The damaging effects of solitary confinement on a prisoner can appear within three months, sometimes sooner. Albert Woodfox has been in solitary confinement for 43 years, though he could be released from Louisiana State Penitentiary as early as Friday. Since 1972, Woodfox has spent 23 hours a day in a tiny cell that can be crossed in just four paces, the Los Angeles Times reports, but how he'll cope on the outside isn't clear. In a piece last year, Time reported prisoners in long-term isolation are subject to panic attacks, paranoia, disordered thinking, anger, and compulsive actions, like incessant pacing or cleaning, while their basic cognitive functions dim. They also have a hard time sleeping at night. "Without stimulation, people's brains will move toward stupor and delirium—and often people won't recover from it," the magazine reported, noting many are "incapable of tolerating their new environment" when eventually released.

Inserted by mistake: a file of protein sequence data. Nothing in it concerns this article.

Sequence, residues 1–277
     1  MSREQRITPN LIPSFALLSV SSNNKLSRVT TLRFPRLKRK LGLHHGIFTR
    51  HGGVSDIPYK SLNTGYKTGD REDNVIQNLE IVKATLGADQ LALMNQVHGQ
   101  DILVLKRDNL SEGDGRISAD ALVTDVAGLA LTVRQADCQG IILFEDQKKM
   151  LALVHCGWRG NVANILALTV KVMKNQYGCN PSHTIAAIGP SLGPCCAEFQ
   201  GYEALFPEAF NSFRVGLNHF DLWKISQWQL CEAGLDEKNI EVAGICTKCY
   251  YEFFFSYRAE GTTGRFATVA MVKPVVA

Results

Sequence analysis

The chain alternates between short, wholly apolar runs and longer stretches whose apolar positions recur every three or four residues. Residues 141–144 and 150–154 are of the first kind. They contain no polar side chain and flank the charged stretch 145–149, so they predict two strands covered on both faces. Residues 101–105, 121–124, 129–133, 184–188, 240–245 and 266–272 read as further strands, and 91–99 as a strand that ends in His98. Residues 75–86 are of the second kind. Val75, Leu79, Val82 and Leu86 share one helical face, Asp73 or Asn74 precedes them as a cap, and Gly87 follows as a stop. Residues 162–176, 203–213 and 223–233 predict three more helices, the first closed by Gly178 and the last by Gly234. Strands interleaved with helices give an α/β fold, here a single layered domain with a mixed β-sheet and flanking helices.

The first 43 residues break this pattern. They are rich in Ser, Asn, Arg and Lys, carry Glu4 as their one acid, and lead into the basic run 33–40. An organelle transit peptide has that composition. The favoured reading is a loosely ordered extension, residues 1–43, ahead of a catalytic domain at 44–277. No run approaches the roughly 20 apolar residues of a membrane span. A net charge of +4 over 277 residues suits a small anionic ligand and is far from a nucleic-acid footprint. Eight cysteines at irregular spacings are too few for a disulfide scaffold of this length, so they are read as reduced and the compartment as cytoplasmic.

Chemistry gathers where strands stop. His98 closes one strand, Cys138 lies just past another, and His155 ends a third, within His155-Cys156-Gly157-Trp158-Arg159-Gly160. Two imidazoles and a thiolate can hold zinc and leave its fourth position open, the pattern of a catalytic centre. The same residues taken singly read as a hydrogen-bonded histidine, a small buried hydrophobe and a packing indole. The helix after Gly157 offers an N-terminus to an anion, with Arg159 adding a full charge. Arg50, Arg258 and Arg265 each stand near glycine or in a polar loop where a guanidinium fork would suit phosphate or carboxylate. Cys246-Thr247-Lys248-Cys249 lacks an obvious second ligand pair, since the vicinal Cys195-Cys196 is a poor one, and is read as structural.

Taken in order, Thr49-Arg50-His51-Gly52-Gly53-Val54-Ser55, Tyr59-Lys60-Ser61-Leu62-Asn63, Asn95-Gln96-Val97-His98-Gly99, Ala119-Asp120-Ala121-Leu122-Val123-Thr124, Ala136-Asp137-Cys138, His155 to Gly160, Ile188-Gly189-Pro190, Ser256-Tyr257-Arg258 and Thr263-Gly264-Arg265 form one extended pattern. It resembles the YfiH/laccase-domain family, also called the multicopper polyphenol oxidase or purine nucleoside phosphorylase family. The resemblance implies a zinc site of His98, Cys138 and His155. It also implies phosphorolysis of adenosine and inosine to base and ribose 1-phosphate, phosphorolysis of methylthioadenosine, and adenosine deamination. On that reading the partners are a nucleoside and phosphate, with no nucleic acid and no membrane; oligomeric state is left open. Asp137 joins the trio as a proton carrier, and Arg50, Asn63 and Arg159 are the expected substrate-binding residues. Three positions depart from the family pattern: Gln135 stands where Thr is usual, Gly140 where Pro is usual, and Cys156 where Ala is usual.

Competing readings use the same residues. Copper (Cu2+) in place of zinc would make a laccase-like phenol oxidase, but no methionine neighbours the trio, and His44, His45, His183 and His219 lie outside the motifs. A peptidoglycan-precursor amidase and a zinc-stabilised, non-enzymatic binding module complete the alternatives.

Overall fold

Already, Woodfox is battling "serious health problems caused or made worse by his years of close confinement," a rep for Amnesty International says. Both Amnesty and the United Nations agree his treatment has been "inhumane," reports Time. As many as 80,000 US inmates may be in solitary confinement at any one time, reports Christian Science Monitor, though some states are working to reduce that number amid higher rates of reoffending and suicide among the isolated. Still, some say solitary confinement serves a purpose. "For some people, solitary confinement is the only responsible way to incarcerate them," says a criminal sentencing expert. However, he adds, "solitary confinement is something that ought to be used as a last resort, because I don't think it promotes mental health, so you're not creating better citizens" upon release. (A lawsuit reveals the horrors of solitary confinement at Colorado's Supermax.)